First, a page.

• A good search engine actually has a very robust and smart search capability so that not only will it produce real results from candidate database but it will actually suggest candidates that would suit the roles you are looking to fill.
  •  Reporting is easy to read and in graph format so you can easily see the things that are important to you such as time to hire, source of candidate, etc… You will be able to have confidence in the numbers you are reporting and in the accuracy of your data.

Being a creature of habit is not a bad thing, good Recruiters use the tools/sources that provide results for them. The question to HR and Talent Acquisition Leaders is: Is your current Applicant Tracking System your Recruiters first port of call for candidate sourcing/engagement, if not how is this impacting your business, candidate engagement and productivity?

Would love to hear your thoughts!







The Continuing Evolution of Candidate Experience and Technology

Last week I wrote a post talking about some of the real value adds that I see that the LiveHire solution(s) providing in the market. I mentioned the three main points of differentiation being (1) Bottom Line value translating to efficiency and value generation (2) Candidate Experience (3) Getting Full Value from your ATS.

Today, I wanted to dig a bit deeper and talk in more detail about Candidate Experience. When we think about candidate experience for many people the first thing that comes to mind is the relationship or communication between Recruiter and Candidate. For me the way that a company treats this conversation/experience is the result of the way that the business or company views/prioritises their view of recruitment and candidate care.

I have worked with different businesses over the years and have seen how business leaders who place a value on the candidate experience differ from those who view hiring as a transactional means to an end. I think the view that a company’s leadership team takes towards their hiring experience is the output that candidates will get with that company. A good candidate experience begins before the company even starts it’s hiring process.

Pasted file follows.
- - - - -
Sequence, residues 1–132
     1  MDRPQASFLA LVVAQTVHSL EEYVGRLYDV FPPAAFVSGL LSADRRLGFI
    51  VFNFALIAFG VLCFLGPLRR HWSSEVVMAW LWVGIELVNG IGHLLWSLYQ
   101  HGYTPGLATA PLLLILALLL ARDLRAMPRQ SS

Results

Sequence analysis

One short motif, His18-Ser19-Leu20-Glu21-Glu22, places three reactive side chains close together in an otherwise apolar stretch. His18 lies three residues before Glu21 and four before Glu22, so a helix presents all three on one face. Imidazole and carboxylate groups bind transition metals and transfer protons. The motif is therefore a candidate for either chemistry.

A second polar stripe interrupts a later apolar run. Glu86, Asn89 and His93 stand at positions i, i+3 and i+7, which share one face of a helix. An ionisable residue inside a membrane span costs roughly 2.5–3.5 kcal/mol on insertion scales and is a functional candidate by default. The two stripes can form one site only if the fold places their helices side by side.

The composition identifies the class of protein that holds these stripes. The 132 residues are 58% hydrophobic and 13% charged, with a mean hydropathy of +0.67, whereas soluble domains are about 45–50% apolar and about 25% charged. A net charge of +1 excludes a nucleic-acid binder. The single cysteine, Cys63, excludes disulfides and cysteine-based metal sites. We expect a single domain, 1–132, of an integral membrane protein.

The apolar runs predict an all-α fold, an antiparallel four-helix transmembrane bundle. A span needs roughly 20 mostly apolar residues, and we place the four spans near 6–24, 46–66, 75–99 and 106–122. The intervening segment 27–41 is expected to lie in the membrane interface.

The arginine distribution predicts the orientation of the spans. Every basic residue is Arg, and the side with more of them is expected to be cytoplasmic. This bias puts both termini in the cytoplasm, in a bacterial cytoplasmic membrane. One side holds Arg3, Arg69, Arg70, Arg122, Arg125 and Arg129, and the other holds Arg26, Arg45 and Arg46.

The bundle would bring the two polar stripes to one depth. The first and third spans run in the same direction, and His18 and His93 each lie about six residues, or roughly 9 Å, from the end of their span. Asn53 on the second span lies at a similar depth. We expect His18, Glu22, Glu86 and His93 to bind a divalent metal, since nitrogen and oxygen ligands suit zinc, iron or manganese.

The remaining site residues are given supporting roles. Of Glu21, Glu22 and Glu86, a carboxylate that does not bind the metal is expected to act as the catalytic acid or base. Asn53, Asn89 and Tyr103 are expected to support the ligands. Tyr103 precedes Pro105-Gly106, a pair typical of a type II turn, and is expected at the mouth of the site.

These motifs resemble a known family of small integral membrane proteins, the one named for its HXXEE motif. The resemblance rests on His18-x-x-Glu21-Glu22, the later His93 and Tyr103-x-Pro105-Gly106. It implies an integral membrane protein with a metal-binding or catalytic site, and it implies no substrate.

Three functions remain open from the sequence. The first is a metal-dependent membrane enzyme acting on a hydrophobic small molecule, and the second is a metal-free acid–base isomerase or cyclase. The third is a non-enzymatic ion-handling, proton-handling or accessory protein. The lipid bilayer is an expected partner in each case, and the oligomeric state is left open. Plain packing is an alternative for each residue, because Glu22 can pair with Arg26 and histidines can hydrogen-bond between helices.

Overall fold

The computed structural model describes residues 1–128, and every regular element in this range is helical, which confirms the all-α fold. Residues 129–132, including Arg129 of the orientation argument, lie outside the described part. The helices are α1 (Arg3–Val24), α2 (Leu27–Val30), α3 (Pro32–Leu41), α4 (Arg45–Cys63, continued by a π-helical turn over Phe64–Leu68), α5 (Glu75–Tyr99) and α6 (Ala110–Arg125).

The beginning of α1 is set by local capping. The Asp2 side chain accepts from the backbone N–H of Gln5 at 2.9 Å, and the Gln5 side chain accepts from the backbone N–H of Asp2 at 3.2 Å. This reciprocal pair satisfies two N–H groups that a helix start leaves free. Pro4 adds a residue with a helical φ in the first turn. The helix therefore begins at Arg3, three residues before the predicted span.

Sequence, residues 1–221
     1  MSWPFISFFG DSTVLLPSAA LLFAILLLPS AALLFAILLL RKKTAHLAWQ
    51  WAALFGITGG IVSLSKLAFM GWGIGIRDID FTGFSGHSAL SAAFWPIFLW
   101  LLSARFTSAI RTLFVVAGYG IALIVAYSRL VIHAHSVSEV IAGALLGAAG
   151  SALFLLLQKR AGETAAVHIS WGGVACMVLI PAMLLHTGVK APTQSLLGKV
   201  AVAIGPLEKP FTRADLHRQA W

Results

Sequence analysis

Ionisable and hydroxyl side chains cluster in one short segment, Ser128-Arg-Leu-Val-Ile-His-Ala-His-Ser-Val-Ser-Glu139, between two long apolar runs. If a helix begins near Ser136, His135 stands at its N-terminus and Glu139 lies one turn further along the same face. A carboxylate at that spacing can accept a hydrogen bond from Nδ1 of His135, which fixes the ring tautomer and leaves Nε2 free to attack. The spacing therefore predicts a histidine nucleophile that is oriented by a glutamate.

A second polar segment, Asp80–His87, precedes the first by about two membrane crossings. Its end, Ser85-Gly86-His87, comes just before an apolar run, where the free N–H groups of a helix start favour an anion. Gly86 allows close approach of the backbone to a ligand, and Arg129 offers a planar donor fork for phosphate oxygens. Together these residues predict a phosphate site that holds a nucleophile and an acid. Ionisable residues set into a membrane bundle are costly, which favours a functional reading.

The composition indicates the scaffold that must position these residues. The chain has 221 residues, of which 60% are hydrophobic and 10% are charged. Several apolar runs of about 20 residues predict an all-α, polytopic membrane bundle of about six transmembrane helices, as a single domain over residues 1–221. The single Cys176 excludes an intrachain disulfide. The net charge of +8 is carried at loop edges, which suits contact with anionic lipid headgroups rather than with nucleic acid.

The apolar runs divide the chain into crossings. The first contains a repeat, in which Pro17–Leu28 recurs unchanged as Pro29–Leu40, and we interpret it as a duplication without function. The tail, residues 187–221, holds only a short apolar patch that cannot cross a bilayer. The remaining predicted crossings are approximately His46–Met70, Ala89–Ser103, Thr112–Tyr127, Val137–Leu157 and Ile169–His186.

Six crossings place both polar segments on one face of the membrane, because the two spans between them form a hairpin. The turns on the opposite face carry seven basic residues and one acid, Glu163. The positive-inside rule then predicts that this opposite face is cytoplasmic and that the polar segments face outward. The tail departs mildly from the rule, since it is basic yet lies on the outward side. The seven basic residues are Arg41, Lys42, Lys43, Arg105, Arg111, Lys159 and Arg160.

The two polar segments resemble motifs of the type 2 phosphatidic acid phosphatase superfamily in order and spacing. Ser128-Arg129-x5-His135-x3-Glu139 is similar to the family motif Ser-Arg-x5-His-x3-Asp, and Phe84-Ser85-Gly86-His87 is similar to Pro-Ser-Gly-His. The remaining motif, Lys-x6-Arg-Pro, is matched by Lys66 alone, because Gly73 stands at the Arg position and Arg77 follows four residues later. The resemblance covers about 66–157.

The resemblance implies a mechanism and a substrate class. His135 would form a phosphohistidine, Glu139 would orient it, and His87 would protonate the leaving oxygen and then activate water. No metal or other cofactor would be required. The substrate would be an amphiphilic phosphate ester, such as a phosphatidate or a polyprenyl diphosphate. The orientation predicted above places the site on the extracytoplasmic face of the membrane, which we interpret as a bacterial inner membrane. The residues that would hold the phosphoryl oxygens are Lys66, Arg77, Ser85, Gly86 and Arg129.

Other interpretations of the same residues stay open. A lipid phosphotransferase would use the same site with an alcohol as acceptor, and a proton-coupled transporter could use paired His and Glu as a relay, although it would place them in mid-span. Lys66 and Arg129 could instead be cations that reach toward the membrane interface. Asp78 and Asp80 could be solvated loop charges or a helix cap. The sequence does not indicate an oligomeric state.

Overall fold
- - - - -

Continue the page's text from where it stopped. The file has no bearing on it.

The Changing Expectations of Today’s Candidates: Candidate behaviour has changed from what it once was 10, 20 or 30 years ago. Where once candidates did not question the processes of a companies hiring procedures and looked at jobs as ‘jobs for life’, that ideology has evolved into a much more discerning employment population.

With the changing demographics of the workforce, companies can no longer rely on their name and/or size as a guarantee of a candidates interest in them. A generation ago a common belief was to get a job with a big company and have job security. This approach has changed at least since the GFC and even before that as we have seen companies go through layoffs, redundancies and pressure to deal with a rapidly changing economy.  Candidates can now prioritise which role to take based on factors besides job security or company name. This may include factors such as, team culture, projects they are interested in, chance to work on something new, etc…..

If you couple this change in candidate thinking with the changes in the technology space it really allows companies to better understand the hiring process from a candidate perspective and provides a better candidate experience through a combined evolution of their hiring approach together with an uptake of technology.

Technology exists that should be able to parse a person’s LinkedIn profie and/or resume fairly easily without there needing to be a lot of intervention needed from the candidate. The candidate should really be able to apply for a role via their mobile the same way that they order an Uber or order a pizza. In today’s quickly evolving workplace, companies need to make the process as simple for candidates to get into their pipeline as possible. Companies should be bringing candidates into the org not losing candidates at the application process as a result of a low tech application processes.

There are so many technology changes in the workplace today that companies can easily modify their workflows to make the candidate experience that much easier and better for both candidates and managers. The answer is not in technology alone but I think will come from the combination of technology and the evolution of a company’s change in mindset to candidate experience.


Real Value Adds From the LiveHire Product for Companies, Recruiters and Candidates